Respect for the truth is an acquired taste
May 5, 2017 6:32 PM   Subscribe

This post was deleted for the following reason: Sorry, just not quite landing as intended -- restless_nomad

Uh, I'm either doing parenting really right or really wrong because I've never told a whopper like these to my kid.
posted by soren_lorensen at 6:41 PM on May 5 [2 favorites]

Bleh. Am I the only one not cool with these? I don't find them funny- I find them an indication of bad parenting.
posted by Homo neanderthalensis at 6:41 PM on May 5 [1 favorite]

No, you're not the only one. I won't ever claim to be a Perfect Parent, but the worst I ever did was occasionally pull a Calvin's Dad and come up with some outrageous explanation for something...which his mom always laughingly struck down before it could do any real damage. But that was just in fun, not out of laziness or to avoid Being A Decent Parent. Sheesh.

Also, I disagree with the title of this post - I think DISrespect for truth is the real acquired taste!
posted by Greg_Ace at 6:51 PM on May 5 [1 favorite]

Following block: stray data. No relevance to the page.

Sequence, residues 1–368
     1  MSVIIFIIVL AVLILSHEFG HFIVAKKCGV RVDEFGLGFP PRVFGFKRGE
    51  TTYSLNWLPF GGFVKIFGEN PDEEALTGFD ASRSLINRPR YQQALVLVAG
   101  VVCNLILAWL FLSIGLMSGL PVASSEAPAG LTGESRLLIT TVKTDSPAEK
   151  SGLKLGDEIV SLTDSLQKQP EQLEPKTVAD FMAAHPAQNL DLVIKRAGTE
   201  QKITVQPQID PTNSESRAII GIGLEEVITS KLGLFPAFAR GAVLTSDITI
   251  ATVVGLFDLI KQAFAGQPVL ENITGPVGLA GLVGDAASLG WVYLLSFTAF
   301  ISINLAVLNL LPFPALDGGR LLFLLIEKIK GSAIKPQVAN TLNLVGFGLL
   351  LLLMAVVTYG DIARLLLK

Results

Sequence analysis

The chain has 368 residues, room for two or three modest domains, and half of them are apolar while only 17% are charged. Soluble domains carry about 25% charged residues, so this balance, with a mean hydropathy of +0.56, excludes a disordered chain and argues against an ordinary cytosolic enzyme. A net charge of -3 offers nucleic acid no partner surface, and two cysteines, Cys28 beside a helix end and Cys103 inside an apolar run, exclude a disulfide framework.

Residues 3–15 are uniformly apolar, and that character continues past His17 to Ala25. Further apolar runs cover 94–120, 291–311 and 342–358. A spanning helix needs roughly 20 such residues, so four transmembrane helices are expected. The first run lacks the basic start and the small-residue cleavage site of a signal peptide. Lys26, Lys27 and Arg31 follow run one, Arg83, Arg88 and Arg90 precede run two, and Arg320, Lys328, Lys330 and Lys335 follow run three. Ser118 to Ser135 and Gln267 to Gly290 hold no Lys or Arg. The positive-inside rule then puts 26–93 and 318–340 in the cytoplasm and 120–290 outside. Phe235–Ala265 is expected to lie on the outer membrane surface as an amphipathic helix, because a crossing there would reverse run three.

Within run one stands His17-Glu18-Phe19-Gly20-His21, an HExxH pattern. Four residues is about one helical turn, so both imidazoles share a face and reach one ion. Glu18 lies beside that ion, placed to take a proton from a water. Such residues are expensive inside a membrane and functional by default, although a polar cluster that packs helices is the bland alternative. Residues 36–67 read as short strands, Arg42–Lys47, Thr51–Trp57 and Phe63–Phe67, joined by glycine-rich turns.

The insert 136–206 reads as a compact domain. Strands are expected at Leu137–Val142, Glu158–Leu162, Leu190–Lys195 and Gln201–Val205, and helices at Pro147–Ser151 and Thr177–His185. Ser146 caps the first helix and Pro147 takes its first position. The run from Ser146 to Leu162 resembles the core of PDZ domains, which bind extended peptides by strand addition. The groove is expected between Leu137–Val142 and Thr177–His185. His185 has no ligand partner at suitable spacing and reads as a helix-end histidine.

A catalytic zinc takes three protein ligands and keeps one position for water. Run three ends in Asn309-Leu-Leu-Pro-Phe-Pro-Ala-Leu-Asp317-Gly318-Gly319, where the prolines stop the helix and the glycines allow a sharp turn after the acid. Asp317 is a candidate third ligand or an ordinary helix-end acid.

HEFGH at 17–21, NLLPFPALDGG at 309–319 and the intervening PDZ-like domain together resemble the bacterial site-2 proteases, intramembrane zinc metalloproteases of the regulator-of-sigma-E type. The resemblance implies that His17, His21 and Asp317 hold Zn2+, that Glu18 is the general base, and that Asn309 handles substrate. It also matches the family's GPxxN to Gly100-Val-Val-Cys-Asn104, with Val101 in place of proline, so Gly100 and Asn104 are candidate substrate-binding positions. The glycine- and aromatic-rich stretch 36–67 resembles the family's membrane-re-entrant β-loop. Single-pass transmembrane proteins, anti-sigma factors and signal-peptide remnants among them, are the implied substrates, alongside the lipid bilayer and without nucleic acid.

My proudest moment will be when it finally dawns on my son that I am completely full of shit.

I'm still hoping his first complete sentence will be "Don't patronize me, old man!"
posted by phooky at 6:52 PM on May 5 [1 favorite]

I had a friend growing up who lived on a street with "no commercial vehicles except one block for local traffic" restriction signs, to keep trucks from cutting through. His parents told him that they couldn't have cable TV installed because the cable company's van wasn't allowed to drive on their street, and he repeated this to me at some point. I spent a lot of time trying to figure out how this could make any sense, since the sign said local traffic and my friend's house had stuff in it that obviously came in trucks like furniture and mattresses, before I eventually realized his parents were lying to him. Honestly, I'm not sure I ever shared that conclusion with my friend, but perhaps he noticed my skepticism.